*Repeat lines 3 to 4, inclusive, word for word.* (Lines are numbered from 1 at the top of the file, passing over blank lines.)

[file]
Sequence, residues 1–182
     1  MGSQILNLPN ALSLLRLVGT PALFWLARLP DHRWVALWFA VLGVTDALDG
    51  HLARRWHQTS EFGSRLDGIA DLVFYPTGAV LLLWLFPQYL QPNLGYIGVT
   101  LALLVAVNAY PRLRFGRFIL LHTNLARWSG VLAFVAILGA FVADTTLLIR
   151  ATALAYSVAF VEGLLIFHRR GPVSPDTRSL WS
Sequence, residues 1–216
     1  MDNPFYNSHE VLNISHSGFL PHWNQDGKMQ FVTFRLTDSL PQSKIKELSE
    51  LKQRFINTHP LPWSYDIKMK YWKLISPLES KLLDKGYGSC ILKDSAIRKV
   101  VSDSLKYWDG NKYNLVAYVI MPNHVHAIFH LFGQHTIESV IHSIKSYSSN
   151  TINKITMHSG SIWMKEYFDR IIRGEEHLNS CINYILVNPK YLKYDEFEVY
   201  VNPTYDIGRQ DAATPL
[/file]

    51  HLARRWHQTS EFGSRLDGIA DLVFYPTGAV LLLWLFPQYL QPNLGYIGVT
   101  LALLVAVNAY PRLRFGRFIL LHTNLARWSG VLAFVAILGA FVADTTLLIR